Remote Voyages


A 5-channel video installation
November 7-23, 2013
111 Front Street Galleries, DUMBO

REMOTE VOYAGES is an exploration of the liminal urban landscape, documenting one of the most polluted bodies of water in the United States – the Newtown Creek. A project of The Newtown Creek Armada, this installation presents a window into an often-overlooked New York City waterfront.

Since 2011, the boats of The Newtown Creek Armada have investigated the interplay of nature, industry and pollution on this secluded waterway. The Newtown Creek is a Superfund site: a dumping ground for industrial waste and raw sewage for over 150 years and the site of the largest urban oil spill in the nation. The boats piloted through oil slicks, sand storms and decaying infrastructure, and journeyed alone into inaccessible terrain.

In REMOTE VOYAGES, the boats present their explorations along the border of Brooklyn and Queens, through the creek and its four main tributaries – Whale Creek, Dutch Kills, Maspeth Creek and English Kills. Each boat has taken on materials found during its voyages, representing different aspects of the creek’s past, present and future. Each boat floats on a platform created from industrial flotsam discovered on the New York waterfront. Each boat has traded its video camera for a projector to share its journeys.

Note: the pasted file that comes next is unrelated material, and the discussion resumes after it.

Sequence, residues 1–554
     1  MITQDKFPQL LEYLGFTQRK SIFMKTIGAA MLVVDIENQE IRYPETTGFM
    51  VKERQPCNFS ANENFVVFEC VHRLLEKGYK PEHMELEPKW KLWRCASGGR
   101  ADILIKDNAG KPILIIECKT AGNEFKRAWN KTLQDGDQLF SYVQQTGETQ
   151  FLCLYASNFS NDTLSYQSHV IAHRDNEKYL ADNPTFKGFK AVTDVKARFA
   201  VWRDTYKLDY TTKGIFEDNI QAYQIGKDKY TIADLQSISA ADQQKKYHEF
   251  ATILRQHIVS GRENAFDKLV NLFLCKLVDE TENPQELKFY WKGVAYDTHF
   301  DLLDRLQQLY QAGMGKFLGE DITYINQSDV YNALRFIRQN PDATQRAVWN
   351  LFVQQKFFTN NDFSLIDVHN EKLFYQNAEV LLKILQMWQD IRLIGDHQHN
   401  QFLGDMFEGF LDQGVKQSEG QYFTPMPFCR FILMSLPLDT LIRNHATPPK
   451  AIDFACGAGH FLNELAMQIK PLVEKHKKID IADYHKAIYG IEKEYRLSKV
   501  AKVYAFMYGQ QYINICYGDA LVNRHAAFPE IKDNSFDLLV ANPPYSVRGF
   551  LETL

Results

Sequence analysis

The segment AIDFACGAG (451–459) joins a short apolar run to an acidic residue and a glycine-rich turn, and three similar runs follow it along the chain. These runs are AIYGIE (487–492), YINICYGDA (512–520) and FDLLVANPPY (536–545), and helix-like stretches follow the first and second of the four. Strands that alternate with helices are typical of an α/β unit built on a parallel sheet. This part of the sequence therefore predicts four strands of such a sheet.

The Newtown Creek Armada is a collaboration between three artists – Laura Chipley, Nathan Kensinger and Sarah Nelson Wright – whose individual work creatively investigates industry, ecology and change in urban spaces. In September 2012, the artists invited the public to pilot the fleet and record their voyages at The Newtown Creek Armada’s public boat pond on the Newtown Creek Nature Walk, one of the only public access points on the creek. Selections from this footage are included in REMOTE VOYAGES.

REMOTE VOYAGES was made possible with the support of the Hudson River Foundation, the North Brooklyn Boat Club, and the Cultural Affairs Department of Two Trees Management. The Newtown Creek Armada was supported by grants from the Brooklyn Arts Council, Macktez, In Our Backyards (ioby), and FEAST, and received assistance from many individual contributors. The project would not have been possible without support from North Brooklyn Public Art Coalition, the NYC Department of Environmental Protection, the Newtown Creek Alliance, NHS Hobbies and many dedicated volunteers.